Cingular Class Action Defense Case-Stern v. Cingular Wireless: Arbitration Provision Waiving Class Action Remedy Unenforceable California Federal Court Holds
California Federal District Court Holds Arbitration Clause Requiring Arbitration at Customers’ Expense and Waiving Right to Class Action Device to be Unconscionable and Unenforceable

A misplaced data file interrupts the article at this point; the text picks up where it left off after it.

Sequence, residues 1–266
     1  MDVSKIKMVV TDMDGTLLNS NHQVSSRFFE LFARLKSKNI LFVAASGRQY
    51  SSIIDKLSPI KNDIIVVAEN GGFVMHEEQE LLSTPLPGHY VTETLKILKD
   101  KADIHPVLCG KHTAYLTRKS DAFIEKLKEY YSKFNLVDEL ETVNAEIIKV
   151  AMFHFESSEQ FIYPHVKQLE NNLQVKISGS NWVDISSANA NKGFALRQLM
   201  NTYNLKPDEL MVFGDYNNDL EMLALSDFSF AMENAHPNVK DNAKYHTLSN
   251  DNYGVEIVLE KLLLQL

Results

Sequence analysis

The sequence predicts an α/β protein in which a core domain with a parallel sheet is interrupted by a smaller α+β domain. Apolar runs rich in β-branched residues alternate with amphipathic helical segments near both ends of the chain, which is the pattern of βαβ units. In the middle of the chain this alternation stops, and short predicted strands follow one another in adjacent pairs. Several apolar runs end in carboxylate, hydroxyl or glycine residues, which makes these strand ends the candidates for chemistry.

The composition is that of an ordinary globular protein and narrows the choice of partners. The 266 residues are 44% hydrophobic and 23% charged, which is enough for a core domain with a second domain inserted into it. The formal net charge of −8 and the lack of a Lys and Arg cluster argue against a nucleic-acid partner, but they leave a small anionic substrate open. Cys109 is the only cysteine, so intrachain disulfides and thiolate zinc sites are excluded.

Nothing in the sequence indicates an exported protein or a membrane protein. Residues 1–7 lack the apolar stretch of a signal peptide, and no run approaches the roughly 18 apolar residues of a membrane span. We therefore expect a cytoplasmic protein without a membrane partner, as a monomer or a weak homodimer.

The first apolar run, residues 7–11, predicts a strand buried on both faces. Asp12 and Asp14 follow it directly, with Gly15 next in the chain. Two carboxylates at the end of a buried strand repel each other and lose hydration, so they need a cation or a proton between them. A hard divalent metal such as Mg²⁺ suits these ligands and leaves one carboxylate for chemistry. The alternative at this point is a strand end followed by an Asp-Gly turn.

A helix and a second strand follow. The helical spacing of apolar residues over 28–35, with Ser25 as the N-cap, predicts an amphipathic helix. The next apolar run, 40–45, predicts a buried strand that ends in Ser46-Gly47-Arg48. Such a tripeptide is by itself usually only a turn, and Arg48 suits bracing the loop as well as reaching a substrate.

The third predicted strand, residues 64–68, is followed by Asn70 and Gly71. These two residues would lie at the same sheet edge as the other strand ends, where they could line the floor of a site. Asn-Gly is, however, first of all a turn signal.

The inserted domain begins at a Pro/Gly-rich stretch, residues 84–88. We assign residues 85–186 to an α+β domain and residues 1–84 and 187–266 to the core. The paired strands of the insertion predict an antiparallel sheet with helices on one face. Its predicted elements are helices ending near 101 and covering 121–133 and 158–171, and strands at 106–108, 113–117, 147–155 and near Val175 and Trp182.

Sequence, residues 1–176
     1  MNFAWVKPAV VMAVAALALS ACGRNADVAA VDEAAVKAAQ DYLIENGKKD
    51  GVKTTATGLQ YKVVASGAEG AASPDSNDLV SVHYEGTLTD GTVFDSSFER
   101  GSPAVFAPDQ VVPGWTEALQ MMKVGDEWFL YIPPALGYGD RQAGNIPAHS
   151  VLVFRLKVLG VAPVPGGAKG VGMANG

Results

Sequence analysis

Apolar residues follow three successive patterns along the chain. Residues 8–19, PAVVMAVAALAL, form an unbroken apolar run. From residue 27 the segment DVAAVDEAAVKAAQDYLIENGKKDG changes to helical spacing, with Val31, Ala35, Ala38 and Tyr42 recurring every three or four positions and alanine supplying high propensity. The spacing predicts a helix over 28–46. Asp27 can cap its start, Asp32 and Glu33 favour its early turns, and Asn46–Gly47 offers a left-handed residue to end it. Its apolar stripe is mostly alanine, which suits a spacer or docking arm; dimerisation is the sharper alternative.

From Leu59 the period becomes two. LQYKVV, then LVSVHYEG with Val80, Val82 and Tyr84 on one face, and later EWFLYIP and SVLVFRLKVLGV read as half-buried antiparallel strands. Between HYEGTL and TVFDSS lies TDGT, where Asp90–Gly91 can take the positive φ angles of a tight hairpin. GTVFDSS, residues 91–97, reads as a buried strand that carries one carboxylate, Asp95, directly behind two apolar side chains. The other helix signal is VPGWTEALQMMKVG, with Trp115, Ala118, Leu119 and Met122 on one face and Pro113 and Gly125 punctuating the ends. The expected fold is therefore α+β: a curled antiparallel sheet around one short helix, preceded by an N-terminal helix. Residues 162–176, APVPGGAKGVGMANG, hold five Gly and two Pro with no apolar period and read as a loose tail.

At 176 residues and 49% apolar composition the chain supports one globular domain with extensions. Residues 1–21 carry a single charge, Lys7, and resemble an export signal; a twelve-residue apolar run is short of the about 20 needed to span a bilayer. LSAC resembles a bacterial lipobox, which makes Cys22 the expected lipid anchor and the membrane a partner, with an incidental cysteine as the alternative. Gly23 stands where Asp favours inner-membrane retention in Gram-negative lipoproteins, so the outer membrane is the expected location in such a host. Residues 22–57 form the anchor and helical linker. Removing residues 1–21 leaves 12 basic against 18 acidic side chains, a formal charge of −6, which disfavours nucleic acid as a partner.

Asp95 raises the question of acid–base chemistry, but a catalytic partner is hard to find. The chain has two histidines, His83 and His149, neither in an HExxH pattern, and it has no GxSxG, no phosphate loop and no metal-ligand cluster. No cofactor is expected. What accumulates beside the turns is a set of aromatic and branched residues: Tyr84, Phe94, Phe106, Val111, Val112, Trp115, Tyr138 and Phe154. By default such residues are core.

In November 2004, plaintiff signed a service agreement with AT&T Wireless, and received a booklet entitled “Important Information and Service Agreement” that contained in part an arbitration clause governed by the Federal Arbitration Act (FAA) and a class action waiver. Cingular Wireless thereafter acquired AT&T Wireless; its customers also signed service agreements that contained arbitration clauses, but Cingular’s agreement provided that the company would pay the cost of the arbitration unless the customer’s action is frivolous, and that the company would pay the customer’s attorney fees if the arbitrator awarded the amount the customer demanded or more. In December 2005, plaintiff filed a class action lawsuit in California federal court against AT&T and Cingular for violations of the Federal Communications Act, declaratory relief, breach of contract, violations of California’s unfair competition law (UCL), and violations of California’s Consumers Legal Remedies Act (CLRA), based on the allegation that defendants charged customers for services that the customers had not authorized, totaling approximately $9 per month. Stern v. Cingular Wireless Corp., 453 F.Supp.2d 1138, 1141-43 and 1149 (C.D. Cal. July 28, 2006). Defense attorneys moved to compel arbitration and stay the litigation; plaintiff’s lawyer argued that the arbitration clause was unconscionable and unenforceable. The district court denied the defense motion, concluding that the class action waiver was unconscionable.